The women had the usual initial treatments — surgery, hormonal therapy and radiation. Then, researchers determined whether each woman had a high or low risk of recurrence based on genomic testing and on clinical features like tumor size and number of positive lymph nodes. Sometimes, the clinical and genomic risks did not match.
MammaPrint looks at the activity of 70 genes. In a low-risk tumor, 50 genes are turned off and 20 are active, according to Laura J. van ’t Veer, a molecular biologist at the University of California, San Francisco who was an author of the study and a developer of the test. In high-risk cases, 50 genes are on and 20 off.
The researchers were especially interested in the women — about a quarter of those in the study — who seemed to have a high clinical risk but a low genomic risk.
Dr. Fatima Cardoso, an author of the study and a breast oncologist at Champalimaud Clinical Center in Lisbon, said that traditionally, women with early cancer but a high clinical risk were usually given chemotherapy. She said that doctors knew that not all would benefit from it, but gave it to all anyway to err on the side of caution, because they could not identify which women did not really need it.
The main goal of the study was to find out whether women with a high clinical risk but a low genomic risk could safely forgo chemo.
There were 1,550 women with high clinical risk and low genomic risk. They were assigned at random to be treated according to their genomic risk or their clinical risk. So some received chemotherapy, and others did not. Then the researchers watched to see if any had distant spread of the cancer to other organs, which is often fatal.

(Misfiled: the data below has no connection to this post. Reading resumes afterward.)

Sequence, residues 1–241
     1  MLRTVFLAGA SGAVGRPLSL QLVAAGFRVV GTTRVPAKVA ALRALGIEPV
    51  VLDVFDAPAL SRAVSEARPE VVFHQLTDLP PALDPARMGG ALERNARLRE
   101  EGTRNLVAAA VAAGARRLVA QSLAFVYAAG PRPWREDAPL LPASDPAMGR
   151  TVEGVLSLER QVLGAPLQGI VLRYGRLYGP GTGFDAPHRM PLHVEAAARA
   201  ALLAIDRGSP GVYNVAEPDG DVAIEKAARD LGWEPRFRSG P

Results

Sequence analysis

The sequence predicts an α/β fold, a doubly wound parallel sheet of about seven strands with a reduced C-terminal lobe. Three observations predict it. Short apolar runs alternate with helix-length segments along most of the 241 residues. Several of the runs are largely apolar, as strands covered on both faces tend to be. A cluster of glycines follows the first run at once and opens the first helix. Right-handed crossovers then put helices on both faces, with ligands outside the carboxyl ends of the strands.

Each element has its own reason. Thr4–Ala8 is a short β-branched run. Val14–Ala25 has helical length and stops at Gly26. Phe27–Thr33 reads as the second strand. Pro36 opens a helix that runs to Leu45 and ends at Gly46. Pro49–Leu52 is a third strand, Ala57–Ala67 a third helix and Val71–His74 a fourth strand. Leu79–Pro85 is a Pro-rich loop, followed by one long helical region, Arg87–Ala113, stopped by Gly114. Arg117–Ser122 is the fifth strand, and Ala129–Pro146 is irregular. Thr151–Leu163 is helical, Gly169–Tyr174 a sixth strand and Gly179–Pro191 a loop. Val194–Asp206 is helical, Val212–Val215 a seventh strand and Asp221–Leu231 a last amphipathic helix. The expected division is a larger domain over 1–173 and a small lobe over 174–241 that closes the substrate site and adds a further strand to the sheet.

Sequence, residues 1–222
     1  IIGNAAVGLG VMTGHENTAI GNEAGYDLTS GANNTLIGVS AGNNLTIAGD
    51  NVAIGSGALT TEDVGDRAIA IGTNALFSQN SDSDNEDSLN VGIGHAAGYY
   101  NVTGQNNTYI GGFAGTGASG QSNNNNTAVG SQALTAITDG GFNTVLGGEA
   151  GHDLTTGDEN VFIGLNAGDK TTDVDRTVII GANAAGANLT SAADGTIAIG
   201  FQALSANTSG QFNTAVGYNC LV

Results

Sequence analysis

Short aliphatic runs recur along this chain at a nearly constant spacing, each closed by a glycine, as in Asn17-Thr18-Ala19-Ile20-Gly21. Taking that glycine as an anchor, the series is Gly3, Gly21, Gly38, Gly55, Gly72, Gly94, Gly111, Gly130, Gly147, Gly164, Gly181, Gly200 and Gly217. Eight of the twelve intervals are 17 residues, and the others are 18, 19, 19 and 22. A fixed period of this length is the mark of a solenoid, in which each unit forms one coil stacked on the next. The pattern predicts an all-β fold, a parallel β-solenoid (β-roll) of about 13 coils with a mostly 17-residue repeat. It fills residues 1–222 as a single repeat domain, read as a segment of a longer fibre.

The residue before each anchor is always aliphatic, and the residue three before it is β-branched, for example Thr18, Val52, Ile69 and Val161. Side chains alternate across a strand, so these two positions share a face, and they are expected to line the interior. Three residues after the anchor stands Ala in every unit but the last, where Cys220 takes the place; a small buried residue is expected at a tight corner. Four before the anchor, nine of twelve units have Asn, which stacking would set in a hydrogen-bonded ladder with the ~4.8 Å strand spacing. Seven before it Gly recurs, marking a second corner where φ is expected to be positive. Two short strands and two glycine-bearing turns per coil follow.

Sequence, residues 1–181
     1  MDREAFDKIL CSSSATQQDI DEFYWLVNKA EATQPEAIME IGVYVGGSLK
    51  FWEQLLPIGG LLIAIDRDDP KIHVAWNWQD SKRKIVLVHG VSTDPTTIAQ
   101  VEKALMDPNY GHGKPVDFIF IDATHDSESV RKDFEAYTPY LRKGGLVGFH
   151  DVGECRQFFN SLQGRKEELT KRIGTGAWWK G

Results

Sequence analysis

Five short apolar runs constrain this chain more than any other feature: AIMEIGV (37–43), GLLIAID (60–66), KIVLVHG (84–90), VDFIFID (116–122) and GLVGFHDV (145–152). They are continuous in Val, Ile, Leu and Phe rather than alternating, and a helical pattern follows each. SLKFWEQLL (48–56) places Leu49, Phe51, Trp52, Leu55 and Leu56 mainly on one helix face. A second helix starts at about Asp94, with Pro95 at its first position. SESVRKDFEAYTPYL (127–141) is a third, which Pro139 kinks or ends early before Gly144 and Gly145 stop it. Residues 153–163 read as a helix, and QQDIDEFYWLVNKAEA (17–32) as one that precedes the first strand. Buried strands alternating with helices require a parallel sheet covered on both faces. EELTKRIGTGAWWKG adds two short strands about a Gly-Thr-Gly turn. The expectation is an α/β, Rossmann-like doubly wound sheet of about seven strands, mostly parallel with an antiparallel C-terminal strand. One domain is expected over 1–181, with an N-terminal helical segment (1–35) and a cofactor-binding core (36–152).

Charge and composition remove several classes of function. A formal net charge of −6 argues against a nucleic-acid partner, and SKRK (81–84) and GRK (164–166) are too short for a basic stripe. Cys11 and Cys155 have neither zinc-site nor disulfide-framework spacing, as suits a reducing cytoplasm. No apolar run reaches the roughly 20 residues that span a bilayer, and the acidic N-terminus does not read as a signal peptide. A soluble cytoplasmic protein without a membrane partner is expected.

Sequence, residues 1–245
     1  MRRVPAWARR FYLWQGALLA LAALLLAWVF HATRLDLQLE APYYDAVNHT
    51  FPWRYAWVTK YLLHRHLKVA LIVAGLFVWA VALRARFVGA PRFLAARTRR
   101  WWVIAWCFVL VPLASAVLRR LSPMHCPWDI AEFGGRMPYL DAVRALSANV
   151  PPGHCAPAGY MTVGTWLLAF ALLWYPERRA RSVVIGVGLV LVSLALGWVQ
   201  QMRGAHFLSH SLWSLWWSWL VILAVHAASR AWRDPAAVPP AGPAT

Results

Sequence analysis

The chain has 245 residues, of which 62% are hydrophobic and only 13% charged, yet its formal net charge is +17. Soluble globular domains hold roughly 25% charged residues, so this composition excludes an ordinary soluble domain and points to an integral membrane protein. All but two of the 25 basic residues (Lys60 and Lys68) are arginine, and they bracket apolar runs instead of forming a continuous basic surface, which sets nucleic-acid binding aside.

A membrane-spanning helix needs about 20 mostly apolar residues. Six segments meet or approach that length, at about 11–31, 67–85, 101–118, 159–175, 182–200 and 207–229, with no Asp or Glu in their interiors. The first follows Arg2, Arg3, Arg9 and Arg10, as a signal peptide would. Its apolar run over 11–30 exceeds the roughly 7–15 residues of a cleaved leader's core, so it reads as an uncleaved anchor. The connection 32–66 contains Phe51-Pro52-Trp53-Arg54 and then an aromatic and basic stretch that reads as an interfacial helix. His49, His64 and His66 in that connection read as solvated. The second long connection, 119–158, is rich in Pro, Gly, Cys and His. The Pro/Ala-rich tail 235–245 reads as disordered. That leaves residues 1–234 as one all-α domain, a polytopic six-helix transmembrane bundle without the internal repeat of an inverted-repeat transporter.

After five years, among those who did not receive chemotherapy, 94.4 percent had no distant spread. Those who received chemo fared slightly better: 95.9 percent had no distant spread.
“We have to continue to follow these patients and see what happens at 10 years,” Dr. Cardoso said.
But given the small difference so far, the researchers said that it was safe for women with early disease and high clinical risk, but low genomic risk, to skip chemotherapy. The findings, they said, mean that 46 percent of women with early-stage disease who are thought to be at high clinical risk may be able to skip chemo.
An editorial accompanying the article praised the research but sounded a note of caution. The authors, Dr. Clifford A. Hudis and Dr. Maura N. Dickler, from Memorial Sloan Kettering Cancer Center in New York, said that the study was not large enough to be sure that the 1.5-percentage-point difference would hold up statistically.
The editorial also noted that other studies of genomic tests had identified groups of women in whom the five-year recurrence risk was only 1 percent, and asked what level of risk was acceptable. Patients’ attitudes also differ.
Dr. Freedman said some women wanted no part of chemo, even if it offered a significant benefit. But, she added, “others line up at the door for almost no benefit, just so they can have peace of mind.”